Last month, Nicola Sturgeon, First Minister of Scotland gave the 15th Kilbrandon Lecture at the University of Strathclyde. The Kilbrandon Lecture is given each year to mark the legacy and impact of the report of the Committee headed by Lord Kilbrandon which led to the establishment of the Children’s Hearing System in Scotland in 1971.
The First Minister’s lecture focused on the Kilbrandon principles that underpin both the Children’s Hearing System in Scotland and the Child Youth and Community Tribunal System here in the Bailiwick.
It was the child centred and inclusive nature of the Children's Hearing System that led the States of Deliberation to decide in 2004 that this community based approach to responding to the needs and deeds of children was the right approach for the Bailiwick.
Throughout the lecture the First Minister reinforced the message that children and young people should have the opportunity to fulfil their potential. “ For every young person who cannot fulfil their potential, all of us lose out on the talent, ideas and initiative of someone who could be contributing far more to our society”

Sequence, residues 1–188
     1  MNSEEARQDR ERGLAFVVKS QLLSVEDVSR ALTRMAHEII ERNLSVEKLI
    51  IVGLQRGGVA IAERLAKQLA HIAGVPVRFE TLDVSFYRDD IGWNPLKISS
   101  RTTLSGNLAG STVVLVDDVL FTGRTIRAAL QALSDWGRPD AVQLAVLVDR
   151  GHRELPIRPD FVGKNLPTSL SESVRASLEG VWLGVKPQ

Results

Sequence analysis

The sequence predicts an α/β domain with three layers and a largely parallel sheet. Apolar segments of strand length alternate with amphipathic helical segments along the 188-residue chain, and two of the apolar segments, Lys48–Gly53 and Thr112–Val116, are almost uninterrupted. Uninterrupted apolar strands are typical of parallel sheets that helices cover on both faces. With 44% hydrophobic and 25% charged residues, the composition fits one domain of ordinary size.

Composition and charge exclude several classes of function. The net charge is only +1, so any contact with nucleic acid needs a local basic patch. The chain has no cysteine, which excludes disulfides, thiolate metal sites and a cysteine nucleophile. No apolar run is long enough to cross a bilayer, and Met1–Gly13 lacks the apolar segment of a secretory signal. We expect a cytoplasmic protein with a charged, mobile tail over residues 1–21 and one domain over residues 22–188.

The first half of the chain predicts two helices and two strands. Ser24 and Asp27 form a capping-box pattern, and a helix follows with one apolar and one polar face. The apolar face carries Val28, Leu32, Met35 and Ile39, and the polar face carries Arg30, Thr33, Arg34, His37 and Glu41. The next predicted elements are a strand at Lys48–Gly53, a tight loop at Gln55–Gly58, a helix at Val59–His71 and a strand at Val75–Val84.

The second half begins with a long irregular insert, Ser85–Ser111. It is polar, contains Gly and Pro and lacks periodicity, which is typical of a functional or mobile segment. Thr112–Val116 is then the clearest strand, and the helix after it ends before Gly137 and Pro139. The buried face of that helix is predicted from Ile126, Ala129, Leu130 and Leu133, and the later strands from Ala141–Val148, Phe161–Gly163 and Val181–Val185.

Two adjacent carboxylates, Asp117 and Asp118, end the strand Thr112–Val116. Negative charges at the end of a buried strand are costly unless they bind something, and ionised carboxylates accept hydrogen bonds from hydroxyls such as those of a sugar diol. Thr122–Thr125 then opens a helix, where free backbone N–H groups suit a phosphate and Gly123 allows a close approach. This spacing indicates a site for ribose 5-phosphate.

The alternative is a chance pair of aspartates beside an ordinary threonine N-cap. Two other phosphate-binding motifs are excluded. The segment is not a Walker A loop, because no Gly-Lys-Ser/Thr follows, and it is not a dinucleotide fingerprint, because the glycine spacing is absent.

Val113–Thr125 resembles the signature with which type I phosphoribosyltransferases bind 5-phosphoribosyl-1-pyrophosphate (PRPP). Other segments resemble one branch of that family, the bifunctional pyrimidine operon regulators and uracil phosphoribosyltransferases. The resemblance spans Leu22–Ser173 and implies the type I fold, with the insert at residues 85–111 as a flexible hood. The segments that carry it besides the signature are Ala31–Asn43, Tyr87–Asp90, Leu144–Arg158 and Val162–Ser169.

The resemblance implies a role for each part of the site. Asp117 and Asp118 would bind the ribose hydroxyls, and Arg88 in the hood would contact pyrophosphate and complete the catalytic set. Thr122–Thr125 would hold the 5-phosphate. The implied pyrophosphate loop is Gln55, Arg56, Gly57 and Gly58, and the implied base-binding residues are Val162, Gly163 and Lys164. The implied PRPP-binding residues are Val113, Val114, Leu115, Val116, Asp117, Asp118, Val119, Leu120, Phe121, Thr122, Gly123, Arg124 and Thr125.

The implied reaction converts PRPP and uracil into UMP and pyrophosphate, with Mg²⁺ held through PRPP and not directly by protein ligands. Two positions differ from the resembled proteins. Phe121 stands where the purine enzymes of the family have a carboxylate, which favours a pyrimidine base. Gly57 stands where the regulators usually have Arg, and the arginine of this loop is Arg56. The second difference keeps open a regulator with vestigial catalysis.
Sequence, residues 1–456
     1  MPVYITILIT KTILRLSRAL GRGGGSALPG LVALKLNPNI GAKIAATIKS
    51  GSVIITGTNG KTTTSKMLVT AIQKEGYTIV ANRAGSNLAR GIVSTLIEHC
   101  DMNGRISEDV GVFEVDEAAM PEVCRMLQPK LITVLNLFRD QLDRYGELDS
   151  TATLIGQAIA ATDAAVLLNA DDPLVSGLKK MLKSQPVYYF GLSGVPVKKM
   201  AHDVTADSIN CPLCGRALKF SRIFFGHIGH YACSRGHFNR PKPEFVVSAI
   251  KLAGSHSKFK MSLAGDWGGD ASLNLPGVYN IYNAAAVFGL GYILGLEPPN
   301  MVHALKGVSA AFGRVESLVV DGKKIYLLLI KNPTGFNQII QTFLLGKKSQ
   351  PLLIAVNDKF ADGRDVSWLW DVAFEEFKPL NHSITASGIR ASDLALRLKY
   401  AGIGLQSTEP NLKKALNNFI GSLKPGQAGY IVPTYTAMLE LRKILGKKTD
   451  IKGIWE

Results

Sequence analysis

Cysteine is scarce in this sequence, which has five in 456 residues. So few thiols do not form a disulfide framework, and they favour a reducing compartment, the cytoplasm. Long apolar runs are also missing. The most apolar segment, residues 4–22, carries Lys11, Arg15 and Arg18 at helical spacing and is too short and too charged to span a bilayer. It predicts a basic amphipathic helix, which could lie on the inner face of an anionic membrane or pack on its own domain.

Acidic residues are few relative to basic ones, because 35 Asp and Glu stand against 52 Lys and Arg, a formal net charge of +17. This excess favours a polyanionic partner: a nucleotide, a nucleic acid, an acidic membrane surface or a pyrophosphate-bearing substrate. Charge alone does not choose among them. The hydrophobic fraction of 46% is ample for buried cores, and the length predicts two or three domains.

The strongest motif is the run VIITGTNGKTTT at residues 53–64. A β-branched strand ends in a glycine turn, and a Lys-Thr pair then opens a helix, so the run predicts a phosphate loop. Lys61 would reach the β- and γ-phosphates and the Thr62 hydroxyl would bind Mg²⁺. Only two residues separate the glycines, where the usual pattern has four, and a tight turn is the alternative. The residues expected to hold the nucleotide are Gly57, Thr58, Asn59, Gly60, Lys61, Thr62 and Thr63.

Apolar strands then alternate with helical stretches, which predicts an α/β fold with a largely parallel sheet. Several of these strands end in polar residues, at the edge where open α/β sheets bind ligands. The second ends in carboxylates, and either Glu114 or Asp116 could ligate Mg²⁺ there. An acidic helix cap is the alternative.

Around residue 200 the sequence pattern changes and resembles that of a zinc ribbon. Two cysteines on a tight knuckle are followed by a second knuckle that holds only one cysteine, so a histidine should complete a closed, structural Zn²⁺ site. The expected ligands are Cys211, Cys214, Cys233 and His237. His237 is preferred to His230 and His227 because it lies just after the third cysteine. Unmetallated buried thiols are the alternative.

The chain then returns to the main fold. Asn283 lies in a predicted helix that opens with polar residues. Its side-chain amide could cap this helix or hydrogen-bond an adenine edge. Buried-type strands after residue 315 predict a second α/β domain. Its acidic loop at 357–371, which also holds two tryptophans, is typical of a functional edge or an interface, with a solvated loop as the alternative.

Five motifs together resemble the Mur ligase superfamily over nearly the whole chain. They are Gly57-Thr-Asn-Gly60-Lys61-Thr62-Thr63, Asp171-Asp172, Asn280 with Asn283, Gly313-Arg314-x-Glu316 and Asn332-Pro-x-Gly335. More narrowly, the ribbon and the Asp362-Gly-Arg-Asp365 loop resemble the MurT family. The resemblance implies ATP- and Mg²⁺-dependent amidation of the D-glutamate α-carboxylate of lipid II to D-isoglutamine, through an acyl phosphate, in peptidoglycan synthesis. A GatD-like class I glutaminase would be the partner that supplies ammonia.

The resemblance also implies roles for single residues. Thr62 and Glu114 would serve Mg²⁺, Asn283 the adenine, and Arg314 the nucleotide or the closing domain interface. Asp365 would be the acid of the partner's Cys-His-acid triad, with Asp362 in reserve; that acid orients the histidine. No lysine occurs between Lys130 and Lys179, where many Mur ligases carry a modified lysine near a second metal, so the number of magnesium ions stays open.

“Getting young people to see how much they can achieve, then kindling that awareness into a spark or fire of ambition, and then enabling them to realise that ambition – that is one of the key responsibilities today for government and for wider society.”
She commented that a key test of any society is how we support and care for children who require special protective measures. “We need to take extra steps to give them true equality of opportunity. That includes giving them a voice when decisions are being taken that could change the course of their lives”
You can read the full transcript of the 15th Kilbrandon Lecture here